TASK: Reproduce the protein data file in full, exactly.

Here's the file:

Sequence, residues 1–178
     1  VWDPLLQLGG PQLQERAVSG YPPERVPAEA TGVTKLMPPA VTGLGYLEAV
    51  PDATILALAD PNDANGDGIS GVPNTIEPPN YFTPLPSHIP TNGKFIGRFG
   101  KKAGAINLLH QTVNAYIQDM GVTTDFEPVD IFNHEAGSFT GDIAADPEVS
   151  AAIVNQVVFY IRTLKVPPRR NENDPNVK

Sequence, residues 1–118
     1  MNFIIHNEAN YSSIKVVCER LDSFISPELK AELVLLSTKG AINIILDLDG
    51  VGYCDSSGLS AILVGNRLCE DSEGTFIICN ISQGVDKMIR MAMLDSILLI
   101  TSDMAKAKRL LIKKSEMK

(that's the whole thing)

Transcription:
Sequence, residues 1–178
     1  VWDPLLQLGG PQLQERAVSG YPPERVPAEA TGVTKLMPPA VTGLGYLEAV
    51  PDATILALAD PNDANGDGIS GVPNTIEPPN YFTPLPSHIP TNGKFIGRFG
   101  KKAGAINLLH QTVNAYIQDM GVTTDFEPVD IFNHEAGSFT GDIAADPEVS
   151  AAIVNQVVFY IRTLKVPPRR NENDPNVK

Sequence, residues 1–118
     1  MNFIIHNEAN YSSIKVVCER LDSFISPELK AELVLLSTKG AINIILDLDG
    51  VGYCDSSGLS AILVGNRLCE DSEGTFIICN ISQGVDKMIR MAMLDSILLI
   101  TSDMAKAKRL LIKKSEMK